Designed in a restrained neo-Classical style, Steinway Hall is L-shaped in plan, with a front portion clad in Indiana limestone that terminates in a set back, four-story colonnaded tower, and a central campanile-like tower with a steep pyramidal roof and large lantern.
The main facade’s base is embellished by a music-themed sculptural group by Leo Lentelli and by a frieze with medallion portraits of distinguished classical composer-pianists. The style, materials, setbacks and massing, picturesque towers, and decorative elements add distinction to the building and make it a monumental architectural presence along the West 57th Street cultural corridor.
The Reception Room and Hallway were commissioned the prominent piano manufacturer Steinway, and its primary space is a double-height octagonal rotunda where visitors, musicians and potential customers meet store representatives before entering various piano showrooms. It is visible from the street through a large display window and from the adjoining hallway that leads to the building’s elevator lobby.
The lavishly-decorated neo-Renaissance style room has a shallow domed ceiling with allegorical murals in the style of the celebrated Swiss-Austrian painter Angelika Kauffman. Visitors enter from the east part of the 57th Street facade, passing through a small foyer that mirrors the adjacent hallway. Each side of the rotunda has a large white marble arch that rests of fluted Ionic columns, as well as green marble pilasters.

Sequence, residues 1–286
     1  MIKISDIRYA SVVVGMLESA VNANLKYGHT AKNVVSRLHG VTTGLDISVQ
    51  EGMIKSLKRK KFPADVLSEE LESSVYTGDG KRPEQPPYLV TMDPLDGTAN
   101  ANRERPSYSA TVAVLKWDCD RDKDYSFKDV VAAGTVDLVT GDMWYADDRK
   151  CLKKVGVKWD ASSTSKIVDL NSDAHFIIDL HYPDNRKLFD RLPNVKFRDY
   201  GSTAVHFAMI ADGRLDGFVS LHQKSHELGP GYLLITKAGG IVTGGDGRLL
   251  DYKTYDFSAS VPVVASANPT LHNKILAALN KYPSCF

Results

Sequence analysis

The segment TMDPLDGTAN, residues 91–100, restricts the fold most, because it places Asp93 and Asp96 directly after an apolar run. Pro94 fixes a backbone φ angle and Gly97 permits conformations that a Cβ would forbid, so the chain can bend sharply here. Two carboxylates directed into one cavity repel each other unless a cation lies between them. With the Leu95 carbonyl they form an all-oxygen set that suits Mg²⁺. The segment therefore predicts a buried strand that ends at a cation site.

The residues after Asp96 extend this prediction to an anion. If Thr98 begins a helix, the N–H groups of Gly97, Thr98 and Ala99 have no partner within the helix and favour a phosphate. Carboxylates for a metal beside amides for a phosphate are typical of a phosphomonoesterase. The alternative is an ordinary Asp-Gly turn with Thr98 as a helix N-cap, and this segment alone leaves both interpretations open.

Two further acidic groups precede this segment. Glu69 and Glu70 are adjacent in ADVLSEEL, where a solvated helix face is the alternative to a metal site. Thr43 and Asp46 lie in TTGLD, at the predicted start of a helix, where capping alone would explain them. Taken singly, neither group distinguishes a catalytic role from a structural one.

It is a seemingly timeless monument to classical music and architecture, and at the time of the building’s completion, the Reception Room (and showrooms) garnered considerable attention in the press, appearing in the pages of the Architectural Record, Architecture & Building magazine, and The Music Trade Review.
STATUS Designated Exterior and Interior Landmark
Upper West Side
The Upper West Side is located along the western side of Central Park from 59th Street to 110th Street. The Upper West Side has several Historic Districts and Individual Landmarks.Explore the Neighborhood >
“I don’t know what the City would be without HDC. [They] testified before LPC time after time and helped us focus on the right issues. We would not be an historic district without HDC! ”
Doreen Gallo: DUMBO Neighborhood Alliance
“Use HDC as a resource because they know what they are doing and can offer advice on how to go about creating a district from every front: architectural, political, LPC, and the media. I had floundered prior to my involvement with this invaluable organization.”
Fern Luskin: Lamartine Place Historic District; Friends of Lamartine Place & Gibbons Underground Railroad Site
“HDC provided guidance and shared information during that process—we knew which Council members were going one way or another and we changed a few minds. I don’t think NoHo would have had as cohesive a district had it not been for HDC’s aid.”
Zella Jones: NoHo Historic District; NoHo East; and NoHo Extension
“I remember Richard saying at a meeting, we have someone here from HDC, Nadezhda Williams, Director of Preservation and Research, to help us. She said to us, ‘You are not the only ones going through this.’ HDC included us in an enormous community”
Erika Petersen: West End Preservation Society